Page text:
I’m Gonna Explode expands its narrative outward, positioning Roman and Maru within an us vs. the world structure, and this is where their relationship begins to break down. The excitement of the first half begins to wane, as color schemes grow increasingly drab, the editing becomes less kinetic, and the realizations of adulthood hover over every decision the couple makes. In a particularly disturbing shift, Roman often leaves Maru behind when being chased by authorities, screaming incoherently into the wind for his companion to avoid capture. Despite this growing physical separation, it never dawns on Roman that all Maru wants is for them to escape together. In this sense, Roman’s dense focus on himself consistently floods his emotional connection with Maru.
As Naranjo finalizes the couple’s descent back to reality with a flood of film-history references (a picture of Buster Keaton frames Roman in a serious moment of reflection), the reflexivity is more nuanced than overt. The absurdities of both action and surroundings cloud any chance at romance for these two, and the inevitable tragic finale feels too forced when compared to the film’s fascinating pastiche-riddled opening. I’m Gonna Explode eventually does just that, blowing its characters’ minds on a physical and psychological level. But the high can never last, and the film’s decline in adrenaline also relegates these characters back into the realm of familiarity. Roman’s final dash of defiance is no longer fresh, but indicative of his most contrived weaknesses, and it’s hard not to feel Maru deserved better. But maybe that’s Naranjo’s point.
The color of the costumes and set design—all vibrant reds, yellows, and blues—jumps off the screen in exciting splashes. The digital transfer allows this dynamic color scheme to rightfully pop, preserving Gerardo Naranjo's widescreen vistas, busy camera movements, and surreal vision of young love. The black levels are somewhat muddy during a few night sequences, and some characters and objects blend into the darkness. The sound design is equally balanced, mixing rising and declining levels of music and dialogue freely and effortlessly. Although some of the lines of dialogue aren't timed well with the English subtitles, narrative coherence never suffers as a result.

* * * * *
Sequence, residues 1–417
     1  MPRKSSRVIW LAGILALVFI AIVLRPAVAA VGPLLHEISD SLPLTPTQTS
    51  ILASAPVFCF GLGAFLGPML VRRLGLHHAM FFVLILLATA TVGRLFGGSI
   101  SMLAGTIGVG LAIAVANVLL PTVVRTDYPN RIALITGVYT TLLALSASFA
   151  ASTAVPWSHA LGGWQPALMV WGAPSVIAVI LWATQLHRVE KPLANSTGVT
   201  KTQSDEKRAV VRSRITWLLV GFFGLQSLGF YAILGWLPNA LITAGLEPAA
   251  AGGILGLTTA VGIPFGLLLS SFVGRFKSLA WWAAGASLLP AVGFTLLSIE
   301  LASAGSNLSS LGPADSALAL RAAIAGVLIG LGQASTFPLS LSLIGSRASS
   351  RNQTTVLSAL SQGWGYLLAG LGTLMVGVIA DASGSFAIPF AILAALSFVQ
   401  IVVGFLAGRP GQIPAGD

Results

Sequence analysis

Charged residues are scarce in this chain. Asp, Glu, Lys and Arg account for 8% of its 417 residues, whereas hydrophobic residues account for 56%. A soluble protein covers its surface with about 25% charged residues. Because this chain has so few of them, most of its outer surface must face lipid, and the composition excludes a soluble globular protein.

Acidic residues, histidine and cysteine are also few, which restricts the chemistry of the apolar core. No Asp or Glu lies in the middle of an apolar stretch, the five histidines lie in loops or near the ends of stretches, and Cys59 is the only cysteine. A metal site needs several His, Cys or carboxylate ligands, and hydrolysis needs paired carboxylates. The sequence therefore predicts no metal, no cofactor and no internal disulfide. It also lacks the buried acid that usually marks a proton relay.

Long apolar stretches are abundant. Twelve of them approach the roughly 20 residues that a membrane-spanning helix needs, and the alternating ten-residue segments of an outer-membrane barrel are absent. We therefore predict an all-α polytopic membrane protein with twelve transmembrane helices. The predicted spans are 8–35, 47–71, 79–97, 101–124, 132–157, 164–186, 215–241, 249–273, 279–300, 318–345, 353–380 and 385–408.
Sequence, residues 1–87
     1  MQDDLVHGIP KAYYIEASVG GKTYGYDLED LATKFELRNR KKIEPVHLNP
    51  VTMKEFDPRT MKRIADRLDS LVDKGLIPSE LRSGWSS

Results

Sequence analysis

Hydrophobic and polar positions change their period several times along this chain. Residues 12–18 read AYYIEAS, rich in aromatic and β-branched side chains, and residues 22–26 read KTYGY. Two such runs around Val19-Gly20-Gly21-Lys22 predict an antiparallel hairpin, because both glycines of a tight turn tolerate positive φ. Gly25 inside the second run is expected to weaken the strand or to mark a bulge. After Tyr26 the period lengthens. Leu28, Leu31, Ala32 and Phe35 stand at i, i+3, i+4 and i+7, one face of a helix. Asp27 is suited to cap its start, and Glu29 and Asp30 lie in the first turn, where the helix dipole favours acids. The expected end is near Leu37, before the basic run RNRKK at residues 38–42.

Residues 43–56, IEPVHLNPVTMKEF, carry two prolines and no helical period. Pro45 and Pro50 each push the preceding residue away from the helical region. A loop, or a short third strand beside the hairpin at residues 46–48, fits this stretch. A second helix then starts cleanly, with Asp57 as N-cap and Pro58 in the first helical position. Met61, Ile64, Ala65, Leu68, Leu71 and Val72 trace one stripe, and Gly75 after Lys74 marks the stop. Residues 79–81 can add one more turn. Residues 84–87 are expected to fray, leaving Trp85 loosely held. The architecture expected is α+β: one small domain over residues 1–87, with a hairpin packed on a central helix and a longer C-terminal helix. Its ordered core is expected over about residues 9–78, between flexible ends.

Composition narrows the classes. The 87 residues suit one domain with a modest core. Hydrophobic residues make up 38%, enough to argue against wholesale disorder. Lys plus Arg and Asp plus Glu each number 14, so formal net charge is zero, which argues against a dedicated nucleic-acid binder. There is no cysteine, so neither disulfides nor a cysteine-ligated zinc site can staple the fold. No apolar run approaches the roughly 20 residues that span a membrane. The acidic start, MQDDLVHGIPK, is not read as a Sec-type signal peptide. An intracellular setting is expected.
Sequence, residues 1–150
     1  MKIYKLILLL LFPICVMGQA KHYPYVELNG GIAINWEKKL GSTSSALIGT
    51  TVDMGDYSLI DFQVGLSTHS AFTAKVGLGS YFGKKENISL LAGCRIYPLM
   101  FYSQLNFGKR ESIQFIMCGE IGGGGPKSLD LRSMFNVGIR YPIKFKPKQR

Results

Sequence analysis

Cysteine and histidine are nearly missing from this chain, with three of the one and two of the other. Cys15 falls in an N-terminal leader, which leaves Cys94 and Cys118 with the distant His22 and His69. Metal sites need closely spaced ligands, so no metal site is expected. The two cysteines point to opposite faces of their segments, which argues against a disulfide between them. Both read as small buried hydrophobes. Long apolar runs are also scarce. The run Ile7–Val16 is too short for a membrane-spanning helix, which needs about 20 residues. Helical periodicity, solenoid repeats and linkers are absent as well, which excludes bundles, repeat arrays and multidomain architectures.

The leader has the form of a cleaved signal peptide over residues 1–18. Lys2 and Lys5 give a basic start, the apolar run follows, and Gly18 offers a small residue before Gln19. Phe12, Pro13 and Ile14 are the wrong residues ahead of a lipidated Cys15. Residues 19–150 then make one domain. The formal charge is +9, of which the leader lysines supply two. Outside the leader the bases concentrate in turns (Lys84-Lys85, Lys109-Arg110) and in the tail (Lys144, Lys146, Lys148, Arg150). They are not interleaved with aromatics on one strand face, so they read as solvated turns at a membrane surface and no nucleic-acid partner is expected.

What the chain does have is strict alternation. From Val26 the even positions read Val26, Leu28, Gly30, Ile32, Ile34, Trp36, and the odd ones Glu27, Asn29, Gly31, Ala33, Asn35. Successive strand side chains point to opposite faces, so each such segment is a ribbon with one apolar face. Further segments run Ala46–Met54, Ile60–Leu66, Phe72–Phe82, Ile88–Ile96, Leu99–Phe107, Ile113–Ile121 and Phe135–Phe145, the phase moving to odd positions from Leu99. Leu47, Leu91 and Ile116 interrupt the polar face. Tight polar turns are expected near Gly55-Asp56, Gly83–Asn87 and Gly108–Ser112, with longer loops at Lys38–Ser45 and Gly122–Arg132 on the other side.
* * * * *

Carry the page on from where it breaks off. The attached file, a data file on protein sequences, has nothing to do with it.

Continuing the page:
The core extra on this disc is a scattershot and ultimately useless making-of feature with rambling on-set footage of Naranjo staging scenes, cast members partying, and crew members setting up and breaking down equipment. This self-indulgent feature lacks interviews and commentaries, and seems to be more of a drunken series of memories for the filmmakers than any coherent examination of the film's production process. A trailer for the film is also included.
I'm Gonna Explode is simultaneously energetic and enigmatic, a tragically absurd Mexican love story told through the resurfaced lens of Godard and the French New Wave. This frustrating barebones DVD release isn't worthy of the film's aesthetic and thematic ambitions.